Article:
According to his third wife, Deborah, he began smuggling drugs in 1975. His partnership with the Medellin cartel kicked off in the ‘80s, when he moved his base from Louisiana to a small town, Mena, in western Arkansas. Bill Clinton was governor of Arkansas at the time.

Seal — nickname “El Gordo” — made millions bringing about $3 billion to $5 billion worth of drugs into the US.
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Seal was arrested in 1983, and began working with the U.S. government.

Seal’s good luck streak officially ended in Fort Lauderdale in 1983 when customs officers caught him trying to smuggle quaaludes into the country. Seal admitted his crimes — by then he’d taken over 100 plane-loads of cocaine across the border. He was sentenced to ten years in prison.

Seal figured out how to reduce his jail time. No one knew the drug trade like he did. He flew down to D.C. and offered his services to Vice President Bush’s task force on the drug war. And that’s how Seal started working with the Drug Enforcement Agency (DEA).
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Seal’s cover was blown after a mission.

Seal supposedly had proof that the Medellin Cartel was working with the revolutionary Sandinista government in Nicaragua. If Seal provided proof that the Sandinistas, who supported the Cuban regime, were collaborating with the drug cartels, Reagan would be justified in his support for the Contras, even though they used violent tactics to fight the Sandinistas.

So, Seal flew his plane over Nicaragua, and took photos of the cartel loading drugs onto a plane alongside Sandinista soldiers. Whether or not the actual government officials sanctioned this trade isn’t known, but newspapers ran with the photos anyway.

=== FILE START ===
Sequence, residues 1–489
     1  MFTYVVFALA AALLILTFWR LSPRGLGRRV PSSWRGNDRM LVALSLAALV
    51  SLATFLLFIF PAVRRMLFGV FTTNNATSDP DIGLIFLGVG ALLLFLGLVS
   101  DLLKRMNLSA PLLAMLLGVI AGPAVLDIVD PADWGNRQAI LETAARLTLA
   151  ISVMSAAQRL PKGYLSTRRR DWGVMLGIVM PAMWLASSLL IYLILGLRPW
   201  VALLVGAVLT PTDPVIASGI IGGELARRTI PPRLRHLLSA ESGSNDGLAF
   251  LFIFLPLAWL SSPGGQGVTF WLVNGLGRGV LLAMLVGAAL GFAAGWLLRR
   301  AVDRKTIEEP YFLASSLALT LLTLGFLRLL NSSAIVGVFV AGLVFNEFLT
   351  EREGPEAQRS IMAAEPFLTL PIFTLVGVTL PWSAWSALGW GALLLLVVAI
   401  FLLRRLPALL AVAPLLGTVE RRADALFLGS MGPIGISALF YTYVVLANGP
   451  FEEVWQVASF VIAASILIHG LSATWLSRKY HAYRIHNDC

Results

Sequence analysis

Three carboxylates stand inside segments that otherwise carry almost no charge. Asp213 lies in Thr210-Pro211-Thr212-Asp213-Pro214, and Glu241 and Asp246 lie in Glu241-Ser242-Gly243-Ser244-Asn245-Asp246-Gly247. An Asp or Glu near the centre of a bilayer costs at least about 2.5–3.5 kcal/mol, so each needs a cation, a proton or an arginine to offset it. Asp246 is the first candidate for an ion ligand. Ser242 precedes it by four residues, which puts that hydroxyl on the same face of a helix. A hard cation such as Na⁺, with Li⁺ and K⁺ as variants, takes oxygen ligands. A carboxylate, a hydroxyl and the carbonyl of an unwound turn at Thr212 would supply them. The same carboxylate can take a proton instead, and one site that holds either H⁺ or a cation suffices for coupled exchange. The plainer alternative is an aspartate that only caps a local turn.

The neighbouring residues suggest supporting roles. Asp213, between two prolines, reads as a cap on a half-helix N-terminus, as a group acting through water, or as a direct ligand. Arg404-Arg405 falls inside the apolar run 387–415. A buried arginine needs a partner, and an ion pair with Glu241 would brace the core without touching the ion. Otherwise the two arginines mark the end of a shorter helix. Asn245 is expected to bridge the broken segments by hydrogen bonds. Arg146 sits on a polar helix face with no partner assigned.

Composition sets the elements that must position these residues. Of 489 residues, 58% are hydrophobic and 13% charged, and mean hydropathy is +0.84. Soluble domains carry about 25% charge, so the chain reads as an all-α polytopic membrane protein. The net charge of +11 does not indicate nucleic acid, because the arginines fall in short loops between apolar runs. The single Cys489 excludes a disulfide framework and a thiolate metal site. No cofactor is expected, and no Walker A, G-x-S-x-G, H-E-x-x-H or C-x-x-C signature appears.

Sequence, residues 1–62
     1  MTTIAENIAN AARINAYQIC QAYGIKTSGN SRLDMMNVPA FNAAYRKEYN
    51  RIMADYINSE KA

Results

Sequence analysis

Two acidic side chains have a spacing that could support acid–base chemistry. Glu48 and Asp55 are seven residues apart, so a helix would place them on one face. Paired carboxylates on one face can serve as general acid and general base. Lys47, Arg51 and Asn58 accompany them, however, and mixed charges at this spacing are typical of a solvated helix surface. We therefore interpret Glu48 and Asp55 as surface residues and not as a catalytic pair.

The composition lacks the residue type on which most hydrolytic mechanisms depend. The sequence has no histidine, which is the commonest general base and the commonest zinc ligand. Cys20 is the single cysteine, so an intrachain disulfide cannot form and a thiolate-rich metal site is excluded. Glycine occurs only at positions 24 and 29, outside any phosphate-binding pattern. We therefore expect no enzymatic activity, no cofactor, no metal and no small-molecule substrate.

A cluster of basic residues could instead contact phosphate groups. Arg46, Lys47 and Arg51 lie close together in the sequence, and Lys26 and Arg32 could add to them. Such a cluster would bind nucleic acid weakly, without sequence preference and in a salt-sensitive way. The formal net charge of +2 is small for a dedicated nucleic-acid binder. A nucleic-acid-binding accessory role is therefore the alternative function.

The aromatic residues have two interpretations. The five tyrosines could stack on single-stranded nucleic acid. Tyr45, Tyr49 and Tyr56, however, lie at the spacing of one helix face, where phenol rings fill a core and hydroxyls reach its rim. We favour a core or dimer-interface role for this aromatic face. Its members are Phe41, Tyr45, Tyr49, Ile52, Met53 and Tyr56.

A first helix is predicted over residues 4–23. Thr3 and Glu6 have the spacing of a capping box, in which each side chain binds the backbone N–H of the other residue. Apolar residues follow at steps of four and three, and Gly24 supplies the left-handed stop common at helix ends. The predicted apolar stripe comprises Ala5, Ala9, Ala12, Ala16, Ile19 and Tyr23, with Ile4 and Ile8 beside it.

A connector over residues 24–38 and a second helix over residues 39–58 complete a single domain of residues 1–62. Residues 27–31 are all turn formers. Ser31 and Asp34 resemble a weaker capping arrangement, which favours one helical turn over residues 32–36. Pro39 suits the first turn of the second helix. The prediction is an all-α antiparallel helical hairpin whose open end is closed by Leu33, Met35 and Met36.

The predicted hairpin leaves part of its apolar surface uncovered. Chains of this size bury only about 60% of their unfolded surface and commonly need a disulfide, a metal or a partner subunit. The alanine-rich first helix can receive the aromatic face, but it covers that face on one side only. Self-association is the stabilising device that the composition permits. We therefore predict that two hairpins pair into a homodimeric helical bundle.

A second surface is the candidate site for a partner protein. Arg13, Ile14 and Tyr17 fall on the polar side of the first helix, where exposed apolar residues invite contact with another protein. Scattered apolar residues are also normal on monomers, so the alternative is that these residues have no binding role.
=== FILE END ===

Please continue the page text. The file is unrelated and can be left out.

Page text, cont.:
An front-page article in The Washington Times about Seal’s mission outed him as a federal agent. Oh no.
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Seal was lost in the wilderness of Louisiana.

Seal decided to forgo government protection. As former FBI agent Del Hahn, who wrote a book about Seal, told Vice, “Seal thought he was smarter and cleverer than the Ochoas,” another prominent Colombian drug cartel (the central characters of Season 3 of Narcos, in fact). He wasn't.

On February 19, 1986, Seal was killed outside of a Salvation Army in Baton Rouge, Louisiana, where he was staying. Three Colombian assassins were arrested at the airport, supposedly sent by the Ochoas. They were all sentenced to life in prison.
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Some of Seal’s family isn’t happy about the movie.

Some of Seal’s family members are suing Universal Studios for American Made. Lisa Seal Frigon, Seal’s daughter with his first wife, Barbara, claims that she’s the legal executor of Seal’s estate. Universal had obtained Seal’s life rights from Seal’s third wife, Debbie, and their three children — not from Lisa.

The suit also claims factual innacuracies in the script. In the movie, Seal has three children, not five, as he had in real life. The film also suggests that he was an alcoholic.